If you spent last weekend glued to Speed, watching the Barrett-Jackson Auction live from Scottsdale, Arizona, you probably came away with the same confused outlook we did.

While some cars sold for impressive amounts, like the $1.1 million paid for the first production 2014 Corvette Stingray, or the $4.2 million (excluding buyer’s premium) paid for the original George-Barris-designed Batmobile, other cars that should have brought serious money failed to live up to their potential.

Buyers, it seems, are becoming more particular when investing in classic automobiles, and are more frugal when buying cars to support a charity. GM CEO Dan Akerson’s 1958 Corvette raised just $270,000 for Habitat for Humanity, which seemed low to us.

Jay Leno did what he could to work the crowd before George W. Bush’s 2009 Ford F-150 pickup crossed the block, but even sharing the stage with a Congressional Medal of Honor winner failed to raise bidding above $300,000. The winner, it appeared, was NASCAR Sprint Cup driver Jeff Gordon.

That was half the price paid for Jay Leno’s Fiat 500 last summer, which is bad news for the Fisher House Charity. Politics aside, the sale was to benefit a worthy cause, and we expected to see a significantly higher selling price.

Still, that was (slightly) better than the Guy Fieri Corvette 427 Collector’s Edition, which sold at just $270,000, with proceeds going to benefit the Guy Fieri Foundation’s Cooking With Kids program.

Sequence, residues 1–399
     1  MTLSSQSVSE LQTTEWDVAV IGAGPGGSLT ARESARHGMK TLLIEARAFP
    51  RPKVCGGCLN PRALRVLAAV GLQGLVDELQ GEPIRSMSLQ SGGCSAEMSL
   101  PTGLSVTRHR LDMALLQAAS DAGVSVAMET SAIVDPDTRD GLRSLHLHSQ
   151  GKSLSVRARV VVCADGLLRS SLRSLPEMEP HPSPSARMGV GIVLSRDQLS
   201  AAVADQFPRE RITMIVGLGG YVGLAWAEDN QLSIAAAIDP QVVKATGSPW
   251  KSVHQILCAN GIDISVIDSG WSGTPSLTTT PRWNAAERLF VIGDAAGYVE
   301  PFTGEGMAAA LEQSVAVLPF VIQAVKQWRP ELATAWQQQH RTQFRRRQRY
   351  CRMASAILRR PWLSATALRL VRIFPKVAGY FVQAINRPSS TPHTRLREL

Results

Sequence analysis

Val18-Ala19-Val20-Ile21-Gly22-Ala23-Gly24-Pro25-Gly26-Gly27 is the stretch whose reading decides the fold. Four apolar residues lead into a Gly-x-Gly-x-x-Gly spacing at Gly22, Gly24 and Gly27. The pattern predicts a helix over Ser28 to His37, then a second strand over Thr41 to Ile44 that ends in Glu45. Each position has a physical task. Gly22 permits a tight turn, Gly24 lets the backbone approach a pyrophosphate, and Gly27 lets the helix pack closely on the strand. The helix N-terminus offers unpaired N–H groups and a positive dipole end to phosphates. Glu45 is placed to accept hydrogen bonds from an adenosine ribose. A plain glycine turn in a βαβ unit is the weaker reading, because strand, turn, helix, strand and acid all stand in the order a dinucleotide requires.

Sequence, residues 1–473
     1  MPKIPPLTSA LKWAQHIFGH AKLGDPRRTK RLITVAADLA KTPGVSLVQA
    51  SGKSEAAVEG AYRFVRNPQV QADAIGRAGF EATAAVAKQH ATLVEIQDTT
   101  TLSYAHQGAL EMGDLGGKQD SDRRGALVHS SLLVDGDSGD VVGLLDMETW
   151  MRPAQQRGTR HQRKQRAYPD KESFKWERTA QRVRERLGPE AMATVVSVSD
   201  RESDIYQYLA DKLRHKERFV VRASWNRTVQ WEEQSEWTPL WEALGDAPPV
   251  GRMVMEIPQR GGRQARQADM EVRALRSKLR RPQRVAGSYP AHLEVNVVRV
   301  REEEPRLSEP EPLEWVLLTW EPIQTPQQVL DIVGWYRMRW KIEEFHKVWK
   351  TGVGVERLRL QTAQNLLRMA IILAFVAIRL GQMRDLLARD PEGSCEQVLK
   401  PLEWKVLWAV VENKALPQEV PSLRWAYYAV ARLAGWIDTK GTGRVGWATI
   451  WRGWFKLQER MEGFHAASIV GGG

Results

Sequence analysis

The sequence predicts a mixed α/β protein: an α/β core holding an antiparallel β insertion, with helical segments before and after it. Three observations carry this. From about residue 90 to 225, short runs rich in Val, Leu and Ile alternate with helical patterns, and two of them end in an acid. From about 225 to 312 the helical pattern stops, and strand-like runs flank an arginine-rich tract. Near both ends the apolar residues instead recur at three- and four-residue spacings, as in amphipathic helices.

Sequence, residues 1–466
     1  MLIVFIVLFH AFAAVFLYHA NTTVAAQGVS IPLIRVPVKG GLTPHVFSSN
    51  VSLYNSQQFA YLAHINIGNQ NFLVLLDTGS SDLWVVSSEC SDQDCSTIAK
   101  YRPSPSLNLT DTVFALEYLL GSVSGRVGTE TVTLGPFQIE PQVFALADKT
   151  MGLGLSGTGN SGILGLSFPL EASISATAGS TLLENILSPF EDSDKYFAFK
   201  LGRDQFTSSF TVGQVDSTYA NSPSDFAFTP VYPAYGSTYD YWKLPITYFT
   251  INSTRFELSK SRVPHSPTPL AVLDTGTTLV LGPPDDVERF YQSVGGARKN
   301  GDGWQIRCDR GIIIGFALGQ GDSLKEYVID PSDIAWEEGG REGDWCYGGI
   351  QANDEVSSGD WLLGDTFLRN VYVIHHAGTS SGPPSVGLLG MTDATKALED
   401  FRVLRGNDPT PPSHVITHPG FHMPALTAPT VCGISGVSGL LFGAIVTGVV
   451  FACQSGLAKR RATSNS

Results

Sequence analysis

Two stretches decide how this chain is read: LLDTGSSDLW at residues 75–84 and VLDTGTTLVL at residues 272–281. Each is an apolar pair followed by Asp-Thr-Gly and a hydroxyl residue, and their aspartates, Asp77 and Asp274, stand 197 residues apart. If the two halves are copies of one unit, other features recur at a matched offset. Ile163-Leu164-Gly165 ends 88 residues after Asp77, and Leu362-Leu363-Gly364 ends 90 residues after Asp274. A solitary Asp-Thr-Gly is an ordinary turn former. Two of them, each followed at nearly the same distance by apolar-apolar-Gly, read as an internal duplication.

Even the final 2012 COPO Camaro, one of just two convertible models built, reached only $400,000 for the American Heart Association before the hammer fell.

Porsche 959 prototype - image: Barrett-Jackson

Porsche 959 prototype - image: Barrett-Jackson

That matched the selling price (less the 10-percent buyer’s premium) achieved by the Porsche 959 development prototype we told you about a few weeks back.  As one of just two running 959 prototypes (and one of just four total 959 prototypes remaining), we expected the selling price to climb quite a bit higher.

There was evidence that sellers are growing more realistic with pricing, too. Clark Gable’s 1955 Mercedes-Benz 300SL reached $1.9 million in bidding, which failed to clear the car’s reserve. Off the block, a deal was later finalized to sell the car at $1.85 million.

Auctions like Barrett-Jackson have always seemed immune from the ups and downs of the U.S. economy, but this latest event has us wondering if one-percenters are beginning to feel the pinch, too.